Weapon and tool use during the Nordic Bronze Age

Keywords: Bronze Age, Use wear, weapons, tools, specialization

Abstract

The article is based on wear analysis carried out on 101 bladed objects including swords, spears, daggers, and knives. They are dating mostly to the Early Nordic Bronze Age. Wear marks vary over time and for each object category. The data are discussed to investigate the implications of the variation in the wear patterns. It is argued that a true specialization of the combat roles of swords and spears occurs first during the advanced Early Bronze Age. This may lead to the gradual loss of the role daggers had in combat. This is interpreted as evidence that the design and use of bladed objects inform each other and cause gradual changes.

References

Anderson, K., 2011. Slashing and thrusting with Late Bronze Age spears: Analysis and experiment. Antiquity, 85 (328), 599-612. https://doi.org/10.1017/S0003598X00067983

Aner, E., Kersten, K., 1973-2014. Funde der älteren Bronzezeit des nordischen Kreises in Dänemark, Schleswig-Holstein und Niedersachsen. . Wachholtz: Neumünster.

Brandherm, D., 2011. Use-wear on Bronze Age halberds: The case of Iberia. In: Uckelmann, M., Mödlinger, M., eds. Bronze Age Warfare: Manufacture and Use of Weaponry. Oxford: Archaeopress, 23-38.

Bridgford, S., 1997. The first weapons devised only for war. British archaeology, (22), 7.

Bridgford, S.D., 2000. Weapons, warfare and society in Britain 1250-750 BC. PhD Sheffield.

Dolfini, A., 2011. The function of Chalcolithic metalwork in Italy: An assessment based on use-wear analysis. Journal of Archaeological Science, 38 (5), 1037-1049. https://doi.org/10.1016/j.jas.2010.11.025

Dolfini, A., Crellin, R.J., 2016. Metalwork wear analysis: The loss of innocence. Journal of Archaeological Science, 66, 78-87. https://doi.org/10.1016/j.jas.2015.12.005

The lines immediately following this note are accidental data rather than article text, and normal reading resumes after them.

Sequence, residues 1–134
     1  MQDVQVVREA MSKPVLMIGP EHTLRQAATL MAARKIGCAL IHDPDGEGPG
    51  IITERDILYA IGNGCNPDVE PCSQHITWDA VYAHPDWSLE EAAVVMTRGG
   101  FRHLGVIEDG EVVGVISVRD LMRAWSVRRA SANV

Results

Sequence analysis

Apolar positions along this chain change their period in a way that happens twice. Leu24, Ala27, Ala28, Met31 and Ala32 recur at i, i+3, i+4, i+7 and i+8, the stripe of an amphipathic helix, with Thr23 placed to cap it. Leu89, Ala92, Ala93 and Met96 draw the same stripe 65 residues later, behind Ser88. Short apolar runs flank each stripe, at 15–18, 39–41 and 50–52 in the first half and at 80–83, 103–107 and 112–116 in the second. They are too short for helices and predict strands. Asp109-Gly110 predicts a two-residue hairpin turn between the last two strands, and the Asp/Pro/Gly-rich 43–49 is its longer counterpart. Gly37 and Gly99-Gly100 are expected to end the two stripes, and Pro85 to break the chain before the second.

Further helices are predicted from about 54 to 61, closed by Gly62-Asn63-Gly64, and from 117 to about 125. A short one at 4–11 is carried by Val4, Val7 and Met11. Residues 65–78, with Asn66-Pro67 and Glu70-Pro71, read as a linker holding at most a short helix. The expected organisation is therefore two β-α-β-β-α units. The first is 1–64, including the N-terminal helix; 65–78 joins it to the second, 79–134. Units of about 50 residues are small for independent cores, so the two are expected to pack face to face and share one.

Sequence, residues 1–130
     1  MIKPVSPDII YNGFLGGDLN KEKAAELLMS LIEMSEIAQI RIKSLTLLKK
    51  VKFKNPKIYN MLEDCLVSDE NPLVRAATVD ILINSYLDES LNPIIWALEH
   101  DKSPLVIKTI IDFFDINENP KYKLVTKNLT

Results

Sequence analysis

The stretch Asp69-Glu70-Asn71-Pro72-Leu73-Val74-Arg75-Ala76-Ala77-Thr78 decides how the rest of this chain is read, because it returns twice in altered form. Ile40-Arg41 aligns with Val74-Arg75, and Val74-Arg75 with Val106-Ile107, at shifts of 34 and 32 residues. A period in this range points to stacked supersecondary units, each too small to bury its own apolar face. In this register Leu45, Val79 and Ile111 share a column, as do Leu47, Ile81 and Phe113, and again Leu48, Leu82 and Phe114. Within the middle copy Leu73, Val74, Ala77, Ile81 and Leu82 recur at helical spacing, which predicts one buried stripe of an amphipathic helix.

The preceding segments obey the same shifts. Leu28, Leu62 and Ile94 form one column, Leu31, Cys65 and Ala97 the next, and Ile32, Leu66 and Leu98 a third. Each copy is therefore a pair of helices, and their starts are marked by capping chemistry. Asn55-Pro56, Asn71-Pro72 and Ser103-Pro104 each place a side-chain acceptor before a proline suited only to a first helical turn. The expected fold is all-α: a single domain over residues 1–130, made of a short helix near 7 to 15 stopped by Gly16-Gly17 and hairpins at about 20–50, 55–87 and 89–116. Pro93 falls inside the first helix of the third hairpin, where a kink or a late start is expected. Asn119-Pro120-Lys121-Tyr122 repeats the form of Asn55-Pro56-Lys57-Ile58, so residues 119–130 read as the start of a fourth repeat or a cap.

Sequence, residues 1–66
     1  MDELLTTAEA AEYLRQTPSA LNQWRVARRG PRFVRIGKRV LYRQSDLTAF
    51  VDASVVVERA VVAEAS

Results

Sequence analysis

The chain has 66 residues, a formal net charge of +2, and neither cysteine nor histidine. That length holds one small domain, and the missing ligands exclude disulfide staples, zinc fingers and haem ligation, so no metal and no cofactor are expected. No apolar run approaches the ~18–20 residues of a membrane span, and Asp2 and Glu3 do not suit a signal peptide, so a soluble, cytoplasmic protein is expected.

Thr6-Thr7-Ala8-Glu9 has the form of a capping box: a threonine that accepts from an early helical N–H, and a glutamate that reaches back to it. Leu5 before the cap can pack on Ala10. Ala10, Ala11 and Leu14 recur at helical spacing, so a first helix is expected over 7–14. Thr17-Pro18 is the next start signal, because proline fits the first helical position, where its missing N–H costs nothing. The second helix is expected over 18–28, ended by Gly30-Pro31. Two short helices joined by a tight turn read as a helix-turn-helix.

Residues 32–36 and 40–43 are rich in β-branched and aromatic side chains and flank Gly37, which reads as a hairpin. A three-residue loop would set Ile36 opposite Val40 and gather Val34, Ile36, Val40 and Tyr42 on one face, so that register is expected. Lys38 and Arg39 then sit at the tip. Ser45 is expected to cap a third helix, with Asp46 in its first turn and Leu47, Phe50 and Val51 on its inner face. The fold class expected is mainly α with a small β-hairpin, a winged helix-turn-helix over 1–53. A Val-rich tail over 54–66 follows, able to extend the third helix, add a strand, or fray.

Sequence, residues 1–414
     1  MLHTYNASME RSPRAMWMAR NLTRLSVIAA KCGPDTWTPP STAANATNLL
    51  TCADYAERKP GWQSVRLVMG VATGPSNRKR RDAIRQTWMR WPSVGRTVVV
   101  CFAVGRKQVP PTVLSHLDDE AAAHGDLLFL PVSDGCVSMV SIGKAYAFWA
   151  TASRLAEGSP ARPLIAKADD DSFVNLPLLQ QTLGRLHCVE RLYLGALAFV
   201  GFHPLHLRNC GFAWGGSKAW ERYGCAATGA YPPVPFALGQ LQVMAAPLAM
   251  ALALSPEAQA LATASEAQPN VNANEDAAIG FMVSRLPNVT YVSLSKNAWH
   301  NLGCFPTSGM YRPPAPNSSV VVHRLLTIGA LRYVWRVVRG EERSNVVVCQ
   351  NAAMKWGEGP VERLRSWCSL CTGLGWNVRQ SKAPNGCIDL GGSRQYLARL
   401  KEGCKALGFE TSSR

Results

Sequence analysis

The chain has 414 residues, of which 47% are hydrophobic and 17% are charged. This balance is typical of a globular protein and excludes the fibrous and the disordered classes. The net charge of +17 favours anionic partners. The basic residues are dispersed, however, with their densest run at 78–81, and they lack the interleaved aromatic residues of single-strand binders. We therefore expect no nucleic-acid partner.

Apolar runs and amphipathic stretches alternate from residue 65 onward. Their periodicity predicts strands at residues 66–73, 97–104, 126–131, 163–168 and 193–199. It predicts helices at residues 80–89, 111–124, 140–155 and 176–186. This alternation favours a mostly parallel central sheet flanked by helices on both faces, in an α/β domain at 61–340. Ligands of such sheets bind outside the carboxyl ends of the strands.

Earle, T., Ling, J., Uhnér, C., Stos-Gale, Z., Melheim, L., 2015. The Political Economy and Metal Trade in Bronze Age Europe: Understanding Regional Variability in Terms of Comparative Advantages and Articulations. European Journal of Archaeology, 18 (4), 633-657. https://doi.org/10.1179/1461957115Y.0000000008

Earle, T.K., 2002. Bronze Age economics: The beginnings of political economies. Boulder: Westview.

Fontijn, D., 2005. Giving up weapons. In: M. Parker Pearson, I.J.N. Thorpe, eds. Warfare, violence and slavery in prehistory, vol. 1374 1374. Oxford: Archaeopress, 145-154.

Gentile, V., van Gijn, A., 2019. Anatomy of a notch. An in-depth experimental investigation and interpretation of combat traces on Bronze Age swords. Journal of Archaeological Science, 105, 130-143. https://doi.org/10.1016/j.jas.2019.02.004

Harding, A.F., 2007. Warriors and Weapons in Bronze Age Europe. Budapest: Archaeolingua alapítvány.

Högberg, A., Brink, K., Grandin, L., Horn, C., 2016. A silver-coated copper axe from Late Neolithic Scania: Initial analyses. Fornvännen, 111 (4), 258-264.

Horn, C., 2013. Weapons, fighters and combat: Spears and swords in Early Bronze Age Scandinavia. Danish Journal of Archaeology, 2 (1), 20-44. https://doi.org/10.1080/21662282.2013.838832

Horn, C., 2014a. Harm’s way–an approach to change and continuity in prehistoric combat. Current Swedish archaeology, 21, 93-116.